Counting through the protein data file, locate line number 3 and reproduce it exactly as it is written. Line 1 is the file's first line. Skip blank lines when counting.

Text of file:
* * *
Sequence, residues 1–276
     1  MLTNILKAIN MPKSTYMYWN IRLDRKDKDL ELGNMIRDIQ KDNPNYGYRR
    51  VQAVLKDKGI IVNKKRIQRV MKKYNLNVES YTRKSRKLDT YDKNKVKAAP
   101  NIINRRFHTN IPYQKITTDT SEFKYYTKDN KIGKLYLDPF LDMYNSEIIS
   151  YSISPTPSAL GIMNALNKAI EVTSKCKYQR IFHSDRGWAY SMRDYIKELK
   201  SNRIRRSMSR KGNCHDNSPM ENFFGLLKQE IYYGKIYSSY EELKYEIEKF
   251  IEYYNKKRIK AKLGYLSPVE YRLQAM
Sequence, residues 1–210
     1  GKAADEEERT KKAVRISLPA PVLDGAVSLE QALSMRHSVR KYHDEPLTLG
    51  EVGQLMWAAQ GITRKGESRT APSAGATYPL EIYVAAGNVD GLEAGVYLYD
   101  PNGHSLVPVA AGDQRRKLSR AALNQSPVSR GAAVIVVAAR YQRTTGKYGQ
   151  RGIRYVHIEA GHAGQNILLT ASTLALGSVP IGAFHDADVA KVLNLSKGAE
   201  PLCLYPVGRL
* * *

    51  VQAVLKDKGI IVNKKRIQRV MKKYNLNVES YTRKSRKLDT YDKNKVKAAP